My eight-year-old daughter died in my arms the day she was diagnosed with cancer. Our fun, energetic Laurel, a third grader and budding gymnast, never missed an opportunity to make a new friend and was the picture of health until a few days before she left this life.
In November 2017, our family was passing a stomach virus around. Laurel seemed to be the slowest one to shake off the symptoms. She went to bed with a slight headache and got somewhat nauseous during the night. When morning came, she was unconscious. I couldn’t rouse her. Seizures led to an ambulance ride to Primary Children’s Hospital, and within hours, my husband and I were gathering family around our sweet girl’s hospital bed so that she could feel of our love during her last moments on this side of the veil.
The doctors called it acute lymphoblastic leukemia—blood cancer—which to me is just a fancy name for something that you can’t see coming and have no control over. Laurel’s leukemia was quite rare and aggressive. Her white blood cell count was so high that doctors didn’t think she could have been sick for more than six or eight weeks.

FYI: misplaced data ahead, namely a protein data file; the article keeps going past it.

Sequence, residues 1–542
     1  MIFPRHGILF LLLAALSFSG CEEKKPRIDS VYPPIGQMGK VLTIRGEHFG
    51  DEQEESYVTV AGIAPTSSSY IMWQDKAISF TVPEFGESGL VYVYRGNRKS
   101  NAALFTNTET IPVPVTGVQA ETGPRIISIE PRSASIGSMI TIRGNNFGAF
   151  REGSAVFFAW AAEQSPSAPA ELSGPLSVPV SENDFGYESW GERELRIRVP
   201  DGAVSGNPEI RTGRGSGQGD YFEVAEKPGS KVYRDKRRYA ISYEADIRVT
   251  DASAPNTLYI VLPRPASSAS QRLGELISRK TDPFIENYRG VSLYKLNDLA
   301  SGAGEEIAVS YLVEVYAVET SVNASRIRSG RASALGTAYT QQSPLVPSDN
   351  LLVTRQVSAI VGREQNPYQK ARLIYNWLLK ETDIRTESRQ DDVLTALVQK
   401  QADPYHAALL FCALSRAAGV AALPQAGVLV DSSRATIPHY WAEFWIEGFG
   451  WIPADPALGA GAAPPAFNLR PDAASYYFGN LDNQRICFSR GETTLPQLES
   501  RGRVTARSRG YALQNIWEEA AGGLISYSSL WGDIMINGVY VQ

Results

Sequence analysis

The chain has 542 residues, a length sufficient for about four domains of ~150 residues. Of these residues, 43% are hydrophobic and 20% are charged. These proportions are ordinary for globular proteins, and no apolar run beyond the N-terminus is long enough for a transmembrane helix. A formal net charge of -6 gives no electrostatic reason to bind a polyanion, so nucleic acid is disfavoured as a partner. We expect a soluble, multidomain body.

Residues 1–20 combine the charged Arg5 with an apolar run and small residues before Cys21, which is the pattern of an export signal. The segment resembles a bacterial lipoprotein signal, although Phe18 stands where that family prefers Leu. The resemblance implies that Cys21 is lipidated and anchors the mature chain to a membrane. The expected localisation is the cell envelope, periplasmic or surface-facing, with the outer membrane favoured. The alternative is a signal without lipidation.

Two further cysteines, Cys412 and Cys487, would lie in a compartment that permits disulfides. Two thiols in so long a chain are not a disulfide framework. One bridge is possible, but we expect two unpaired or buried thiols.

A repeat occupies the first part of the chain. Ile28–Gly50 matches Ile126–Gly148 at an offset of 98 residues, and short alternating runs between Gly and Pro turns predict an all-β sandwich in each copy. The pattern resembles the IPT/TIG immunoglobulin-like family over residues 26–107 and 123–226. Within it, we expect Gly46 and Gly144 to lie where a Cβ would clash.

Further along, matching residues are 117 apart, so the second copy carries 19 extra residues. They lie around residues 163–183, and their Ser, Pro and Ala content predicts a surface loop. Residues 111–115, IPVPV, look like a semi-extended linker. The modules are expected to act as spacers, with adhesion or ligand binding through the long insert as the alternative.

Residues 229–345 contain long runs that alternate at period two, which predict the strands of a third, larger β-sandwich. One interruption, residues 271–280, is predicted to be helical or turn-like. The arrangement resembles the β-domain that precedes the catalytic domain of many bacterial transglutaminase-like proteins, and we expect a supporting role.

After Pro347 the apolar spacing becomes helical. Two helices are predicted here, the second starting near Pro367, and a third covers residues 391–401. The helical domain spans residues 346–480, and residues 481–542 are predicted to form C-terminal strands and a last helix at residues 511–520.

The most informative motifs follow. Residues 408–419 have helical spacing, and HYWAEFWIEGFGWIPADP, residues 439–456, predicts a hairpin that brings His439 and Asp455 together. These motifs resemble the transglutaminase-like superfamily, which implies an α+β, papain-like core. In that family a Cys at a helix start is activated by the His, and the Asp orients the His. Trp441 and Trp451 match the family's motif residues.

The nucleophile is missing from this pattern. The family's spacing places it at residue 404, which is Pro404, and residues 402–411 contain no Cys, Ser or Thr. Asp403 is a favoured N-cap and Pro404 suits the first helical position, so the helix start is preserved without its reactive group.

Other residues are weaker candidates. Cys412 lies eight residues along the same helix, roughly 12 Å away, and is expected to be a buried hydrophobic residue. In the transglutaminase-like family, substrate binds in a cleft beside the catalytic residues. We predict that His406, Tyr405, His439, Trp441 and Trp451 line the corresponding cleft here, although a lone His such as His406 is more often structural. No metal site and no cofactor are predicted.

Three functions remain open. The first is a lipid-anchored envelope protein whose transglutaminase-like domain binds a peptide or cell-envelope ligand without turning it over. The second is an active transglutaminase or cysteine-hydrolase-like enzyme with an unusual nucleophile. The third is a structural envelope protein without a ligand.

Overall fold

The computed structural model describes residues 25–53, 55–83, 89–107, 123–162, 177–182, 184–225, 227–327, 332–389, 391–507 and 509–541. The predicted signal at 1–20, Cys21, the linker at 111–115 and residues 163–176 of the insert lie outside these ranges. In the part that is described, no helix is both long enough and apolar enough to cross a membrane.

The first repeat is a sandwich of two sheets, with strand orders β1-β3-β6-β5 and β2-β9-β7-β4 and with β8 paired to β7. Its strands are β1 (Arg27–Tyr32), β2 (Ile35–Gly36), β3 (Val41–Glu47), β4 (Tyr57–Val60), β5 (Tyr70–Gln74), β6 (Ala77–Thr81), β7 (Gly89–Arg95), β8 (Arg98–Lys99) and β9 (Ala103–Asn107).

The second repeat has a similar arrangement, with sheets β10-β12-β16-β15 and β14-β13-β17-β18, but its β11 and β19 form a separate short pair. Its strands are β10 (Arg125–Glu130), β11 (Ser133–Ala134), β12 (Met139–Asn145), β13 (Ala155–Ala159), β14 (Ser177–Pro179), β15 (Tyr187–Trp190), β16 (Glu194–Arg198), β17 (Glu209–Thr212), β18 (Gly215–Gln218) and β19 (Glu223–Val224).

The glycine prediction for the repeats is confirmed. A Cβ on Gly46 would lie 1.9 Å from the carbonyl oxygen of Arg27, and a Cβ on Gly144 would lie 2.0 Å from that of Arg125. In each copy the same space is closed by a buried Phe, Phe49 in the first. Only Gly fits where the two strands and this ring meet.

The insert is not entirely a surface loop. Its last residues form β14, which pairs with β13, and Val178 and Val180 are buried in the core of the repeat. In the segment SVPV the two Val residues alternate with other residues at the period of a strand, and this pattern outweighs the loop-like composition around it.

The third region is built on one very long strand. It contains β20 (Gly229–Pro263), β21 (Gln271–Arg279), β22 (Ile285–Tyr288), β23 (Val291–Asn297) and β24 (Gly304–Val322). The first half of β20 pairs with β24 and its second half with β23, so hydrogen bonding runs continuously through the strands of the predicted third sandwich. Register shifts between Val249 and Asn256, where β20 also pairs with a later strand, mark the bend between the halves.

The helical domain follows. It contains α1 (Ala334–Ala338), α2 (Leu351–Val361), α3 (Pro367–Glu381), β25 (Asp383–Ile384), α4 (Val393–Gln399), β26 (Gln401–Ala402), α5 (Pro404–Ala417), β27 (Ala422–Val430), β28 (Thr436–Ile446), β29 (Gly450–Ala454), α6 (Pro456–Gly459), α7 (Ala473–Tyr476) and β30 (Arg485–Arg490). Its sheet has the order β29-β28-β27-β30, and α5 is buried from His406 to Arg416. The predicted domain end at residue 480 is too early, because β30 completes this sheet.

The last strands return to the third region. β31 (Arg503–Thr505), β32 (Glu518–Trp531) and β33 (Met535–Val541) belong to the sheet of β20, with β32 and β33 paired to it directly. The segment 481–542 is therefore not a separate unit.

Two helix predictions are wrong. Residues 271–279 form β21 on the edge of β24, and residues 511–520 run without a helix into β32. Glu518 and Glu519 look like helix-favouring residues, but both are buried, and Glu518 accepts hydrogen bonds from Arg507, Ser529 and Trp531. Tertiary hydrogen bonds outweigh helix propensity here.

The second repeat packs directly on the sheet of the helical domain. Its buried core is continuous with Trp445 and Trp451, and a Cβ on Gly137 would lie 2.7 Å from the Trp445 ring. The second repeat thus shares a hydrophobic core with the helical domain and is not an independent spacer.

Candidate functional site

Before Laurel died, I had imagined the horror and grief of losing a child, but it was nothing like I expected. I pictured myself shutting down, becoming a shell of a human and curling up in a corner somewhere where I wouldn’t be expected to function.
Reality was worse. Being able to shut down requires the luxury of privacy. Mothers don’t have privacy, and we don’t have the choice to stop functioning. Reality meant that I wasn’t just a mother who lost a child. I was also a mother who needed to sit down with her other children and explain to them why their sister would not be coming home again.
Reality meant that I needed to leave my daughter at the hospital and go home without her. Laurel shared a room with her little brother, and he snuck into bed with her every night. Now, at age three, he would be moving in with the other boys without understanding why.